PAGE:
Columbia Boy Scouts get bird's-eye view of Big Apple Troop 361 chosen for 'Urban Camp-out' atop New York's Empire State Building

November 15, 1993|By Galina Vainblat | Galina Vainblat,Contributing Writer

"You can see McDonald's from up here, but you still can't see Pizza Hut," said one enthusiastic Boy Scout after looking down from the 86th floor.

On Friday, more than 40 Boy Scouts from Troop 361 of Columbia and Troop 127 of Wayne, N.J., participated in the Empire State Building's annual overnight "Urban Camp-out" on the building's observatory deck.

For many, it was the first time they had ever been in New York.

"I've never been this high up. I've been up at the Eiffel Tower at Kings Dominion, but it's nothing like this," said Columbia resident Joseph Stinchcomb.

This camp-out is an annual event sponsored by the Empire State Building as a way of getting Scouts from different parts of the country together and helping them develop an appreciation for urban architecture and culture.

"What happens is that there are traditions that are started like the Easter Sunday service or the run up the stairs on Feb. 17," said Laura Fries, a spokeswoman for the Empire State Building. "The Empire State Building is a monument, but it's a monument that's alive."

If they were unnerved at being so high up, none of the Scouts admitted it.

"I'd like to sleep on the top of that point, but they won't let me," said Ryan Armstrong of Columbia.

"It's an opportunity to miss school. It's so cool. I mean I've been up here before but I never thought of actually sleeping up here. I mean we have two troops from the whole entire nation who got to go. It's just amazing that we're allowed to come from so far away," said Phillip Van Der Vossen of Columbia.

No one seemed to find sleeping 86 floors up very scary.

"I think the elevators are the scariest because at first everything was going smooth, but then it went 'whoosh' and everything started shaking," Joseph said.

For some of the boys, the experience was not all fun and games. Joseph, for instance, was able to use the trip to move up one rank in Scouting.

"In order to become First Class, you have to participate in 10 separate troop activities. I had nine. This was my last one," he said.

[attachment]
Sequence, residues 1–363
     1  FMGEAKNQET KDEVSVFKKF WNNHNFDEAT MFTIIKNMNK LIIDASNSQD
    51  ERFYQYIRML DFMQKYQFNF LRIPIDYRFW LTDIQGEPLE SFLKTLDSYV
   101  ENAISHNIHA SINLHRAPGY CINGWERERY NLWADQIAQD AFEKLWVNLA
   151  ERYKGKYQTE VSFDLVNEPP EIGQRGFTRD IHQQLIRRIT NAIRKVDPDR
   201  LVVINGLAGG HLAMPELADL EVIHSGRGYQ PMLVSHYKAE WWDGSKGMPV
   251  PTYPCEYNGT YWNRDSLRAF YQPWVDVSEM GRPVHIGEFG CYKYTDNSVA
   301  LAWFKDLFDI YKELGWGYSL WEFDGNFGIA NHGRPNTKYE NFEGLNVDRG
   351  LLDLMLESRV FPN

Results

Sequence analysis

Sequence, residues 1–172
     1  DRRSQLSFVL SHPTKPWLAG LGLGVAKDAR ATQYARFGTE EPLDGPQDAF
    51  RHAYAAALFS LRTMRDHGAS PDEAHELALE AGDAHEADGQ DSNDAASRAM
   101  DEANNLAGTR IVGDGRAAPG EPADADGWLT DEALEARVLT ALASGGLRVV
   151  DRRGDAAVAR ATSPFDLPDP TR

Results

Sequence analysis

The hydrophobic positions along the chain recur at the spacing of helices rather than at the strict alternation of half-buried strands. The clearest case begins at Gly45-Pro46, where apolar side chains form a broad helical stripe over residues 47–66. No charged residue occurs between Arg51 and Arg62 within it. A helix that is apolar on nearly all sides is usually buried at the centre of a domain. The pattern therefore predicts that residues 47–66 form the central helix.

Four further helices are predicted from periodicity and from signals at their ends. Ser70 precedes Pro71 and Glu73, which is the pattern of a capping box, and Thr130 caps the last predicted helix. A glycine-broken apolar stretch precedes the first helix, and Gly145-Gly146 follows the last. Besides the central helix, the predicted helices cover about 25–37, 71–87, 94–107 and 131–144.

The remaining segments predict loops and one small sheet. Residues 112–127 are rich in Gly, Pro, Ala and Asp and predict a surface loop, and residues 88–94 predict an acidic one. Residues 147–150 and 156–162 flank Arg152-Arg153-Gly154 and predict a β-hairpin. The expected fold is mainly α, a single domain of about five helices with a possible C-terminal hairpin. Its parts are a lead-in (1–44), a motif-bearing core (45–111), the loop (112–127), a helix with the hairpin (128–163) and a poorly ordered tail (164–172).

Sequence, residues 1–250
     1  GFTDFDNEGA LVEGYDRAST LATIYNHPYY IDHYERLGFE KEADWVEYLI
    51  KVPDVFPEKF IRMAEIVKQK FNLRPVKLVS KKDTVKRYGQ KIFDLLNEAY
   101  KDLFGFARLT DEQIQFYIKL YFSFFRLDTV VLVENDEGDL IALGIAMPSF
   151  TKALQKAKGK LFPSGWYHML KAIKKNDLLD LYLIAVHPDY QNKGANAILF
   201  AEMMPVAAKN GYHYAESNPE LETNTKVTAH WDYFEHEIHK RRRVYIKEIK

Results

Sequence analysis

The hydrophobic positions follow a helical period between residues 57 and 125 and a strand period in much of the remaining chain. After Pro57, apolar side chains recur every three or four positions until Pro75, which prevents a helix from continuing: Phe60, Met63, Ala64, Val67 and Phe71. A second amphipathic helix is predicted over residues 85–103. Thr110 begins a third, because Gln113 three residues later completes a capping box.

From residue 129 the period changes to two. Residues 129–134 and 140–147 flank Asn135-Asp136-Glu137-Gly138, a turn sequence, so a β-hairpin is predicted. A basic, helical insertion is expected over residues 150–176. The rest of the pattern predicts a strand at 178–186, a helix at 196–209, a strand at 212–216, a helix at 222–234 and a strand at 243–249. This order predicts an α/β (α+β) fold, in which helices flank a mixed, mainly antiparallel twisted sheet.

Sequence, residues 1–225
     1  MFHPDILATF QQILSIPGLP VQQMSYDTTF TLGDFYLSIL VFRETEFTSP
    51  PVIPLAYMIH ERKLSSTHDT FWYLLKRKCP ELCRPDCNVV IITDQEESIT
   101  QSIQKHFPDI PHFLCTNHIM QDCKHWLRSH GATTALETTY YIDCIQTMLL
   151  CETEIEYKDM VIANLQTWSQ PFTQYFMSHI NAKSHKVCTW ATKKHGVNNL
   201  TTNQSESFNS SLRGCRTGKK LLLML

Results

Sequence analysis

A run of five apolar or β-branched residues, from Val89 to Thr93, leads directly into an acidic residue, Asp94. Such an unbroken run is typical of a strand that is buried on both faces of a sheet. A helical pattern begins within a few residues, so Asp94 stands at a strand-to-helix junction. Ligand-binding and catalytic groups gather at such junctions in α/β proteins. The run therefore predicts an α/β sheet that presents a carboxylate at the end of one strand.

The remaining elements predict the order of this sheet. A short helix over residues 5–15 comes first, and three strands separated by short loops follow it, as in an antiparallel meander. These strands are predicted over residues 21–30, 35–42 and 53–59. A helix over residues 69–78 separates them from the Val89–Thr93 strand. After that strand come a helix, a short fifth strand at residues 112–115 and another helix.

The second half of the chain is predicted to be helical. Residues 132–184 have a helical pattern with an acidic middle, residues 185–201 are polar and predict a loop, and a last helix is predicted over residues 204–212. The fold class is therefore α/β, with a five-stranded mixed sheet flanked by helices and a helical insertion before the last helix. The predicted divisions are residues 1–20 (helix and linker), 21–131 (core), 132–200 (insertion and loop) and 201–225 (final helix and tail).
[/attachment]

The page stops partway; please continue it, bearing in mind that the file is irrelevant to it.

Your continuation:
Most of the Boy Scouts said that participating in Scouting has helped them get ahead in life.

"Scouts helped me get a job in an engineering firm," said David Van Der Vossen, Phillip's brother, a junior Scoutmaster from Columbia. "My boss is actually the Scoutmaster for another troop."

Nigel Ridgeway, Chris Meyer, and Bryce and Ryan Armstrong will be entering college in the fall and say that being Scouts helped them get accepted when they applied to colleges.

"You get teased about it a lot. But once you get past the sixth, seventh, eighth grade, people learn to accept it," said Bryce Armstrong of Columbia.

It seems that being Scouts even helped the boys get along in New York.

"We'll go places and wear the uniform, and people will say, 'Oh, you're a group together. You're a nice group of kids,' and they won't bother you as much," said Brian Stinchcomb, Joseph's father, a Columbia Scoutmaster. "People saluted us all day long, and they would wave to us as they drove by in their Jaguars."

All in all, the Scouts had a lot of fun in the Big Apple.

One Scoutmaster even managed to convince Pizza Hut to deliver almost three dozen pizzas to the observation deck.

The Scouts left the Empire State Building early Saturday to see the Statue of Liberty and the World Trade Center.

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